Dontcha love it when liberal media members are confounded by poll results that don’t fit their view of the world? It drives them so batty that they suddenly start espousing all manner of absurd rationalizations they believe explain why so many Americans disagree with them.
Such was the case during the 7PM installment of “The Situation Room” Friday when Jack Cafferty shared with his viewers recent poll statistics showing that half of the country believes that Saddam Hussein had WMD before America invaded Iraq in March 2003. This didn’t sit well with Cafferty, who, true to form, blamed the public’s sentiments on Republicans.
This is really wonderful stuff necessitating the reader to be careful with drinking vessels (video link to follow):
JACK CAFFERTY, CNN ANCHOR: Wolf, an interesting question. Do Americans feel a growing need to justify the war in Iraq? The answer might be yes according to a new poll. A Harris Poll found half of those surveyed still believe Saddam Hussein's government had weapons of mass destruction back when U.S. troops invaded in March of 2003 and that number today is actually up from 36 percent of Americans who thought so last year.U.N. inspectors said they found no WMD in Iraq in 2002 or 2003. And U.S. weapons hunters confirmed the same thing the following year. One reason Americans still believe in the WMDs could have to do with a recent intelligence report by Republican lawmakers. They say hundreds of chemical munitions had been found in Iraq since the invasion, but the Pentagon and other experts have since said these are nothing more than old, abandoned shells.So here's the question. Why do half of Americans still think Saddam Hussein had weapons of mass destruction back in 2003?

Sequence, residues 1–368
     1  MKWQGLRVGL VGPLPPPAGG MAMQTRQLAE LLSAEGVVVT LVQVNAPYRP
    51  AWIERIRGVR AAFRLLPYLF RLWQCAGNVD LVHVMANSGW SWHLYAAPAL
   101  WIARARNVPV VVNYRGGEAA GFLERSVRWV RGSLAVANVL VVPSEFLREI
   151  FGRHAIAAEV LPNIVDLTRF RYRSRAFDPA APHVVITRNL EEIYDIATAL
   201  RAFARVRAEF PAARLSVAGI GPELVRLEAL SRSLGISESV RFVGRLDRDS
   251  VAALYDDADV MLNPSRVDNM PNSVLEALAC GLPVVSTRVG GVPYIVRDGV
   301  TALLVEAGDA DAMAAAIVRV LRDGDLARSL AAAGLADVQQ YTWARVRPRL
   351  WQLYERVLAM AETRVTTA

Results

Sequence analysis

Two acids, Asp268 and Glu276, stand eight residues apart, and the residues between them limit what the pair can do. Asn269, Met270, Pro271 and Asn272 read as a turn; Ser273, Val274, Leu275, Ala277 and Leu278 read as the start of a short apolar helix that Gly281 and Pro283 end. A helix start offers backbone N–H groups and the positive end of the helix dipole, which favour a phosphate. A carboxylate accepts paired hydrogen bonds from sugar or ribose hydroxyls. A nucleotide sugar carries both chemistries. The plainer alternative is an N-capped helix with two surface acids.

Of course, Cafferty never considered the possibility that many Americans, with the growing hostilities in the Middle East, are starting to take more seriously the likelihood that Saddam moved his weapons into Syria while the United States was wasting time at the U.N. Certainly, raising this as an alternate option to the typical "It's All The Republicans' Fault" mantra would have been an unexpected divergence for Cafferty. But, one can hope, can't one?
Video Link courtesy of Crooks and Liars.